Farmed Fish & Atlantic Salmon

Aquaculture is considered a viable alternative to wild fish, providing the means to feed an increasing human population and satisfy a greater demand for seafood. Aquaculture involves raising commercially important species of finfish and shellfish at high densities, in contained natural environments or artificial enclosures, fed by local photosynthetic production or external, controlled food supplies.

There are three kinds of aquaculture systems: extensive, semi-intensive and intensive. The level of intensity is determined by the amount of energy and human intervention required, and in the growth and lifecycle of the target species. Extensive aquaculture is considered more efficient and sustainable than intensive aquaculture, although both systems have considerable negative environmental impact.

Wild Atlantic Salmon

Salmo salar (Atlantic Salmon) are native to the Northern Hemisphere, occupying cool water, gravel-bottomed natural habitats (freshwater rivers, streams, lakes, open bays and coastal waters), in tributaries of the North Atlantic Ocean (see Wild-caught Salmon & Natural Astaxanthin under Solutions).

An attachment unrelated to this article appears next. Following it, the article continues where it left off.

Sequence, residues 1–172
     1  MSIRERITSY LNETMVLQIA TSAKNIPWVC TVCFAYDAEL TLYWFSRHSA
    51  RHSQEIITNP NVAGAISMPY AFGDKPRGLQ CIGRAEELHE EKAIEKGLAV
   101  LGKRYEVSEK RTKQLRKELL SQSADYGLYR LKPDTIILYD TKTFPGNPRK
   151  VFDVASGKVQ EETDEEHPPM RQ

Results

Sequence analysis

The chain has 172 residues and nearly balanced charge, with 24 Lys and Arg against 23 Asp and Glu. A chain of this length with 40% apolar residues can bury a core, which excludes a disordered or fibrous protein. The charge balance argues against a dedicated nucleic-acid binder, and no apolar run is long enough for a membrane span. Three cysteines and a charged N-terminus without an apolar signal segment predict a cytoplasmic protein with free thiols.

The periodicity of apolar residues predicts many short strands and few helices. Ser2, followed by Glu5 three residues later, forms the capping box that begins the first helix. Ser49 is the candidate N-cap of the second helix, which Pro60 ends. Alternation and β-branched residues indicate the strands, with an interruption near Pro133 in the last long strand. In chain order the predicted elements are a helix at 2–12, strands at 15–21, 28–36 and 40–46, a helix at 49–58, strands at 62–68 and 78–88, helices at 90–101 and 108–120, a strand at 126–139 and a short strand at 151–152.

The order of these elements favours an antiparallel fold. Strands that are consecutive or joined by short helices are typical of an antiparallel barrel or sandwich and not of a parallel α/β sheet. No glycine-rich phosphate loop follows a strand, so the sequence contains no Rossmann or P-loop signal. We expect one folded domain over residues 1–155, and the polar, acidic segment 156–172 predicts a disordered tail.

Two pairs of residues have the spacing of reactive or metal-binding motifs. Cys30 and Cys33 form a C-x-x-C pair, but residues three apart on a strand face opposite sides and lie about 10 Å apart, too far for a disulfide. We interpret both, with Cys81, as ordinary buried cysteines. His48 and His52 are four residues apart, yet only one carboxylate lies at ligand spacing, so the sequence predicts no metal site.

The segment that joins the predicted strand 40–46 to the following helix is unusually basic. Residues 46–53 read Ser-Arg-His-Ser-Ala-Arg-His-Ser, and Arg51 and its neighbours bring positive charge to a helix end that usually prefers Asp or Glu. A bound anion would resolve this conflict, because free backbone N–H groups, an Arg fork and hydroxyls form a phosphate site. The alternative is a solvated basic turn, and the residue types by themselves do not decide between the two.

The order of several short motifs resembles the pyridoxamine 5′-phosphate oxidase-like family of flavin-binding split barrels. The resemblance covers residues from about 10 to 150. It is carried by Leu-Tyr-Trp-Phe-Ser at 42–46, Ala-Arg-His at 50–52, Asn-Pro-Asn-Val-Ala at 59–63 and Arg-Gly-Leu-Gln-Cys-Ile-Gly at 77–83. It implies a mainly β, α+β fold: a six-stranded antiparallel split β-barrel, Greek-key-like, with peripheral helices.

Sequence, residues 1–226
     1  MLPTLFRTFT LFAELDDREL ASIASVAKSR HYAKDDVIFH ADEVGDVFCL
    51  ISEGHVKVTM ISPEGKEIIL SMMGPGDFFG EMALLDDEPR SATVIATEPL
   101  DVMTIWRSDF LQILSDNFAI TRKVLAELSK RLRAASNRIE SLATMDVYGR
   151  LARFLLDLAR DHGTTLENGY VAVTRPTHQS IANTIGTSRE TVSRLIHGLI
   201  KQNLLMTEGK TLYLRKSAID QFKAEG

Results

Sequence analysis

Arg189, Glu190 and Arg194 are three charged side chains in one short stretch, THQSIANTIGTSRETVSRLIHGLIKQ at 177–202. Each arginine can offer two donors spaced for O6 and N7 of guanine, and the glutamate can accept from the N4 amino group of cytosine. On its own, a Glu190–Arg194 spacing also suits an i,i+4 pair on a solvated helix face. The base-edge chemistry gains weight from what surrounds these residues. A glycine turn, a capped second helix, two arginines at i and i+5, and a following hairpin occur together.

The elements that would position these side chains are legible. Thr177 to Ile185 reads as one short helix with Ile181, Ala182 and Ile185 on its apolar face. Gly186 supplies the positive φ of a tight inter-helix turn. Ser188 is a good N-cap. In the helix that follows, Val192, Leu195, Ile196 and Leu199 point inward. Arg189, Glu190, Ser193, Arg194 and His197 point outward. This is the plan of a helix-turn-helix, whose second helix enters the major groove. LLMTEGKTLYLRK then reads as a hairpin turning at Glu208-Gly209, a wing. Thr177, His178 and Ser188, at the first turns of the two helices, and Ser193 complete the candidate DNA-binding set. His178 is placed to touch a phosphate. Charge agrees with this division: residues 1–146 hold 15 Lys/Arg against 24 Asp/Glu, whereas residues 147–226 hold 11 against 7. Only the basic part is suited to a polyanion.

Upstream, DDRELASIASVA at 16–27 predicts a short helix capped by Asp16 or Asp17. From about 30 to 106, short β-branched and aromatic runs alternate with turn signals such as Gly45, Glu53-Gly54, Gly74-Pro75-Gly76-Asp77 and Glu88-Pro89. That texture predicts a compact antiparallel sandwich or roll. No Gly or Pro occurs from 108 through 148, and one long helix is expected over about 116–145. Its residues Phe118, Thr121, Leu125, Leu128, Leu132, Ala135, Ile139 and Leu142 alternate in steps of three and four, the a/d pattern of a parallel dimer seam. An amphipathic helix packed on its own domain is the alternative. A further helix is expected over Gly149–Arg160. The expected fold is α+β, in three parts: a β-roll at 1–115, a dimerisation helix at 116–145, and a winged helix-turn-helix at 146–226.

There are three groups of wild Atlantic salmon, representing the North American, European and Baltic stocks, but these have declined significantly, with some populations considered extinct in some regions, although this is likely due to a combination of factors (overfishing, water pollution, climate change). Most salmon eaten today is farmed, representing 70% of the global market. Atlantic salmon are one of the most intensively farmed seafood species in the world.

Estimates vary around how much wild fish it takes to produce 1kg of farmed salmon (various sources say between 1kg and 8kg), but it takes about 10kg of wild fish to produce 1kg of wild salmon (source unable to be verified). To feed farmed salmon, the wild fish must be caught, processed into fishmeal and fed to farmed salmon, a highly inefficient and unsustainable practice compared to the wild salmon simply eating the wild fish in its natural habitat.

Aquaculture consumes more fish than it produces, placing pressure on wild stocks and depleting wild species, an outcome inconsistent with the argument for an industry. To counteract this, farmed fish are fed poultry by-products, or genetically modified grain.